Pour-over coffee – more flavors by going paperless

9 · 29 · 19

Pour-over is the time tested brewing method producing the most aromatic coffee

I am sure you have noticed that in good coffee houses the preferred preparation besides hand made espresso is hand drip or pour-over coffee. It is the artisanal way and also a very traditional approach to brewing your coffee. For a more upscale image, even some coffee shops of major chains use this method for single origin or single estate coffees. They will use cheaper coffee beans in a drip coffee maker for faster service, like coffee-to-go. Even at better locations of Starbucks, they are now using this method to brew their premium coffee – at a double premium price, of course.

Why did pour-over coffee become so popular in recent years?

The answer is simple: the pour-over method produces a more flavorful coffee and greater satisfaction for customers than the standard drip coffee.

And an increasing number of people enter the ranks of coffee aficionados and care more about quality and taste than ever before. They are also willing to pay a little bit more for the affordable luxury of premium coffees and wait patiently. Many do appreciate the health benefits of coffee as well, provided there is no overload of artificial flavors and extra calories from sugar and coffee whiteners. Just writing the word “whitener’ gives me the creeps already.

The pour-over method offers more flexibility to adjust for water temperature, grind size, or for brewing time to perfectly match the individual requirements of top quality coffee beans. At the same time, it requires a good understanding of the process of brewing. A barista who cares about his trade can show off his skills and prepare a fantastic cup.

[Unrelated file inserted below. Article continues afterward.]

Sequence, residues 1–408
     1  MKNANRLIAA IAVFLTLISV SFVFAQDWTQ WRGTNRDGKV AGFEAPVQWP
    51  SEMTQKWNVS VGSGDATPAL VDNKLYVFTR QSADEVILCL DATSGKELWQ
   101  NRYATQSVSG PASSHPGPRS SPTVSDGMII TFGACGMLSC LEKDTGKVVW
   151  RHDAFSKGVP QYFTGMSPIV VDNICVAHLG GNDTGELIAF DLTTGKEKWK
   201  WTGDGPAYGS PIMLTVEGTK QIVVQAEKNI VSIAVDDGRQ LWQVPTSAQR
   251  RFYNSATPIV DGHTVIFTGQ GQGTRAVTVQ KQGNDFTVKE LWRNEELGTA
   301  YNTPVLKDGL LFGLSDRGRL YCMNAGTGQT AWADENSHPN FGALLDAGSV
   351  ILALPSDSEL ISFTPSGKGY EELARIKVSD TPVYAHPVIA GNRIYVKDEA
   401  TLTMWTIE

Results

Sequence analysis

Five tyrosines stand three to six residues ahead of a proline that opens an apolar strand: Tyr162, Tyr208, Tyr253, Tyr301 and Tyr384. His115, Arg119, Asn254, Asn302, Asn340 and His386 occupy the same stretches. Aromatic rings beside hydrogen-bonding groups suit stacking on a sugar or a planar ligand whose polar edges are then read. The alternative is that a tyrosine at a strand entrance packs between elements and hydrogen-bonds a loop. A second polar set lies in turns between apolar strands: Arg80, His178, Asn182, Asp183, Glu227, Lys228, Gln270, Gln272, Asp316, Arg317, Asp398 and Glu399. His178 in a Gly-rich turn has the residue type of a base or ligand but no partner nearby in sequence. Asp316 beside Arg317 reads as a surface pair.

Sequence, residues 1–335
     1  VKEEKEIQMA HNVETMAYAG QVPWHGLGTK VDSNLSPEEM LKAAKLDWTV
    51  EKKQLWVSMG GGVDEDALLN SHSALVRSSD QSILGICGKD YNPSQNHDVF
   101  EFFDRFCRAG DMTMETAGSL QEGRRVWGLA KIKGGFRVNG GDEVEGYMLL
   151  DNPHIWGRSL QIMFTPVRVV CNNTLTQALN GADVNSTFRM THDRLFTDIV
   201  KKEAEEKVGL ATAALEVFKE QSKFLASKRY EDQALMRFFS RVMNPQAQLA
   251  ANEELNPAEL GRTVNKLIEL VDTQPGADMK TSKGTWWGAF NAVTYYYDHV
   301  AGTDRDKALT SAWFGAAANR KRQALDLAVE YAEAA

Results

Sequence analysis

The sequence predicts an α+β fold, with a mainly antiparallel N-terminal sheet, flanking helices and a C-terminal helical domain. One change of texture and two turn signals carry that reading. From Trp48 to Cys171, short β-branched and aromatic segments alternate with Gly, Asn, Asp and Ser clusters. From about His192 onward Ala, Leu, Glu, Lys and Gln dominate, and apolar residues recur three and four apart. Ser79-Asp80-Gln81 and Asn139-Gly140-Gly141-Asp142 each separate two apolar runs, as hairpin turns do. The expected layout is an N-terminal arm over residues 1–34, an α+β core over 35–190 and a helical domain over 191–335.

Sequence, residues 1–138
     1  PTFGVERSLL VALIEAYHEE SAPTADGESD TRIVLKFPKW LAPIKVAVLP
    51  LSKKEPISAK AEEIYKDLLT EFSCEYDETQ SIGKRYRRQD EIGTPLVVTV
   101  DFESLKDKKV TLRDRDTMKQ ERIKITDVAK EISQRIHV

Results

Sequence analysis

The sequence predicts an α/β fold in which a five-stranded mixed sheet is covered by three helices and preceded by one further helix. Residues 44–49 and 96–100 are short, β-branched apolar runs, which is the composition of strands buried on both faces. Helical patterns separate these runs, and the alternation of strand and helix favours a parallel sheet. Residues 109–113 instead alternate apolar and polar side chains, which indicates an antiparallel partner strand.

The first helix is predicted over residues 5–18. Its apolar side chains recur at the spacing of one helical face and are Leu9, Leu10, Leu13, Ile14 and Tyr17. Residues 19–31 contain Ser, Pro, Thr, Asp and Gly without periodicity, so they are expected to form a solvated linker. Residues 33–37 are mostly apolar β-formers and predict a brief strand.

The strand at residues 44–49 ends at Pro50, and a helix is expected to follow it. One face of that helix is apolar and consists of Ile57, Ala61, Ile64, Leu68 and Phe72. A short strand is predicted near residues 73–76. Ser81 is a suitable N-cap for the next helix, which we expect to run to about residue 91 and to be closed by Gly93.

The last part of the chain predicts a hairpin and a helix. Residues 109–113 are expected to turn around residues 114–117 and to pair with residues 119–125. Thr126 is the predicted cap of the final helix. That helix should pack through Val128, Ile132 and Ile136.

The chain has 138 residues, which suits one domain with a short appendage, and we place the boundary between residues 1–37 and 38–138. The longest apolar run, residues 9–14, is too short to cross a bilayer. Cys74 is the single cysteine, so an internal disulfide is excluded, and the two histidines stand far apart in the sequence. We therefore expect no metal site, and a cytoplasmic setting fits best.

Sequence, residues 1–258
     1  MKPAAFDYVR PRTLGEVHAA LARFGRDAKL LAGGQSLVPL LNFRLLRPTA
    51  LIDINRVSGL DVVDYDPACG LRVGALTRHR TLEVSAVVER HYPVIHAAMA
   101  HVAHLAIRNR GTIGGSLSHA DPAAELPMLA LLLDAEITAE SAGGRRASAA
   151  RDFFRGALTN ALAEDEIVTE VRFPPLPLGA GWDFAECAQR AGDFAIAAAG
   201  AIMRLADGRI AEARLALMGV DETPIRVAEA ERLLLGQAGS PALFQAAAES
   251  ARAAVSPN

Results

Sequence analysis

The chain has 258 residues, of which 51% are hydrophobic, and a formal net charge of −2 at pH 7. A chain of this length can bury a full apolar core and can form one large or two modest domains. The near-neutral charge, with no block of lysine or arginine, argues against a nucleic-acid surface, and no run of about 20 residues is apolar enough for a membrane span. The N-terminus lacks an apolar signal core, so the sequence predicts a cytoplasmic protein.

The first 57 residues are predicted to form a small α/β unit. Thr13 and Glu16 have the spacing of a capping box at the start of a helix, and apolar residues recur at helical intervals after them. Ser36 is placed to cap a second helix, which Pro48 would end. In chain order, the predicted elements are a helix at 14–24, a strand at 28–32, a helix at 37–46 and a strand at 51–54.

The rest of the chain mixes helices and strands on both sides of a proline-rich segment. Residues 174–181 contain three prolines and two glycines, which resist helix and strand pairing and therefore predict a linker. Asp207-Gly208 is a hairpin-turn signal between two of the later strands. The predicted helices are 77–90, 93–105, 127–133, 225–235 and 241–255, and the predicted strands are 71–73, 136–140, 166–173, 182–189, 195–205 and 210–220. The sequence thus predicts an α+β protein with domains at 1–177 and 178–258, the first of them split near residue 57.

And the good news is, you can easily make an outstanding pour-over coffee at home as well. Here is a detailed instruction for the perfect cup.

coffee pour over method

What do you need to make the perfect pour-over coffee at home?

You don’t need expensive equipment, and with a little bit of experimentation, you will be able to produce excellent results just like a barista. Most of what you need is probably already sitting somewhere in your kitchen. 

You need a kettle to heat the water and a container where the coffee goes in, a cup, mug, or a coffee pot. 

The only thing you probably would have to buy is the cone-shaped device, called pour-over coffee maker, coffee filter, or dripper. The first of its kind was invented in Germany in 1908 by Melitta Bentz. Her first name Melitta later became the name of the company which is still around and still sells these drippers, paper filters, and coffee. Over the years they improved the shape of the cone. The paper filters lining the inside underwent quite some development as well. The paper filters do the job of holding back sludge and all particles you don’t want in your coffee. Other companies followed with variations of the cone filter, like the Kalita Wave, the v60 of Hario, or Chemex.